Under STAGE, the team of vol­un­teers and sup­port­ers have come togeth­er to be a part of the ongo­ing Mir­a­cle on Myers Street,” the com­mu­ni­ty project named for sus­tain­ing the Theater’s day-to-day oper­a­tions and pro­mot­ing the dream of its com­plete restoration.

This sum­mer, that includes installing new car­pet and a repli­ca of the orig­i­nal water foun­tain, repaint­ing the lob­by, com­plete­ly uncov­er­ing a mur­al on the stair­case, and putting in the new” old mar­quee to replace the cur­rent plain one. 

The Mighty Wurl­itzer Pipe Organ

STAGE will also con­tin­ue ren­o­va­tion on a Wurl­itzer organ that was returned to the the­ater in 2018, thanks to the support of bene­fac­tors and ongo­ing indi­vid­ual cit­i­zens’ dona­tions. The State The­ater secured the instru­ment in 2009, but it lived in pieces in stor­age near the Oroville lev­ee until the 2017 spill­way inci­dent. Every­one then real­ized it was time to bring the organ, which has some mech­a­nisms dat­ing back to 1914, to the Theater.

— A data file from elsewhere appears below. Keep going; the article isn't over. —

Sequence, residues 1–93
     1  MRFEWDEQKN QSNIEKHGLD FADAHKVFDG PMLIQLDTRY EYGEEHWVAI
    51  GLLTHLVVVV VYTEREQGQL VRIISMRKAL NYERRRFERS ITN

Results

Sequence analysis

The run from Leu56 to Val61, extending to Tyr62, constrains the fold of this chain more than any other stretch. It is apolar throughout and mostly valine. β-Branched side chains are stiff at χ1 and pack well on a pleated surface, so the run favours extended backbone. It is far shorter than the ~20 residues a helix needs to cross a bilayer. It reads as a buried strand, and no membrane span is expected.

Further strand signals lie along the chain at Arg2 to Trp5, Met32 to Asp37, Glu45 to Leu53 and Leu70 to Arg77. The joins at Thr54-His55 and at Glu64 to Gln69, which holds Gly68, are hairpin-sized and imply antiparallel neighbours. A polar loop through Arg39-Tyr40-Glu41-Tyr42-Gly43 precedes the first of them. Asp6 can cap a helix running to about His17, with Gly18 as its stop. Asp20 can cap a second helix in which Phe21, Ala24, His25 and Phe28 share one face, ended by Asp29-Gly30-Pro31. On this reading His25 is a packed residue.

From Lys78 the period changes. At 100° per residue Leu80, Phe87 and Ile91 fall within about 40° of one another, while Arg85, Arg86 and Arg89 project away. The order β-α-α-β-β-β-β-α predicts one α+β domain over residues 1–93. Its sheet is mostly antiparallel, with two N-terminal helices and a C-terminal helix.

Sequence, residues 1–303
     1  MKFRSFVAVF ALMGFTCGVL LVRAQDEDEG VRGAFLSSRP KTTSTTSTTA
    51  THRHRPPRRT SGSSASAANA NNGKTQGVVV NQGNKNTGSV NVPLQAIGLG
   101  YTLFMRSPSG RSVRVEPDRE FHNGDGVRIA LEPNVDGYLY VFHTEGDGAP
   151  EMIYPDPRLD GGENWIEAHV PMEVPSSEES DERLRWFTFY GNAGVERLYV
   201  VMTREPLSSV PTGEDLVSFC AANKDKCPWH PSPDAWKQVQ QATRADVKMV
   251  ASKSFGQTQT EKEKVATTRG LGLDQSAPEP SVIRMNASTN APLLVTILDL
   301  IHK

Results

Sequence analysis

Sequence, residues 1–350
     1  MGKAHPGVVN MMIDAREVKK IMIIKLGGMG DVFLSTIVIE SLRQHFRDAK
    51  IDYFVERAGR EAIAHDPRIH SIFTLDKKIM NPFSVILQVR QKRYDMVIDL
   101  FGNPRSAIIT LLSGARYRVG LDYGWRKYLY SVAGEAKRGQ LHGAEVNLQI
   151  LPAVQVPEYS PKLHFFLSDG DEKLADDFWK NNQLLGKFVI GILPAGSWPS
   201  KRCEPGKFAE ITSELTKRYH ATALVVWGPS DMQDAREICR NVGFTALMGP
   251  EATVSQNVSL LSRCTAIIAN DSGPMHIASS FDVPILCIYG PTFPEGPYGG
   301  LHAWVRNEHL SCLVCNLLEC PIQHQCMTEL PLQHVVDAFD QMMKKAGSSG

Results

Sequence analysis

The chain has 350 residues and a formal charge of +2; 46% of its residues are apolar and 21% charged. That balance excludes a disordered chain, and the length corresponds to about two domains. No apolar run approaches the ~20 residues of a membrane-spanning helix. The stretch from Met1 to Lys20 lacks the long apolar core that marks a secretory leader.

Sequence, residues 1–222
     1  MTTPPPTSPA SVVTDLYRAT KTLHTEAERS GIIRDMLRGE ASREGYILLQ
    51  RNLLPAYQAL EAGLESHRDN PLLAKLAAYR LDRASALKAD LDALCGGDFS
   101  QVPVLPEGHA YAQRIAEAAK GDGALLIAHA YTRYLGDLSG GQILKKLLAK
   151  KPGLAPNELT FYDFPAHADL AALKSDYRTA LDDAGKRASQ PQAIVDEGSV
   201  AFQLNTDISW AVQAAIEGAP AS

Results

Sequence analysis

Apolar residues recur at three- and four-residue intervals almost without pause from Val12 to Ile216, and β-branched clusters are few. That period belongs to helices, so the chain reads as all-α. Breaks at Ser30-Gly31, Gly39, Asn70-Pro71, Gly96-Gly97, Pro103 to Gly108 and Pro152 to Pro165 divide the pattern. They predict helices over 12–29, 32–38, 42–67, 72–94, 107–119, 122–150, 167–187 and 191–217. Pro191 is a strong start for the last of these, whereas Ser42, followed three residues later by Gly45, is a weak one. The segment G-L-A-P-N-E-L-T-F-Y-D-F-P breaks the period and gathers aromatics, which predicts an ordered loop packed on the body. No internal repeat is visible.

The State The­ater orig­i­nal­ly had an organ, but it was removed when the silent film era end­ed; today, With about 1,200 pipes con­nect­ed to dozens of instru­ments, the Wurl­itzer is one of the most expen­sive and time-con­sum­ing parts of the over­all restora­tion — but it’s well worth the effort. Played for select per­for­mances and spe­cial occa­sions, the sounds of the organ fill the audi­to­ri­um and drift into the lob­by, trans­port­ing you back to State Theater’s heyday.

If you close your eyes and lis­ten, you can almost see what the The­ater was like 90 years ago — and where its sup­port­ers hope it will be in the future.

Updates 5/18/2020

The Fall 2019 reopen­ing of the State The­atre revealed the new dig­i­tal mar­quee, which shines bright­ly in Down­town Oroville. Inside, vis­i­tors will see the updat­ed water foun­tain, art deco detail­ing on the ceil­ing, and the ren­o­vat­ed mur­al on the stairs. Restora­tions are ongo­ing—donate to help STAGE con­tin­ue its efforts.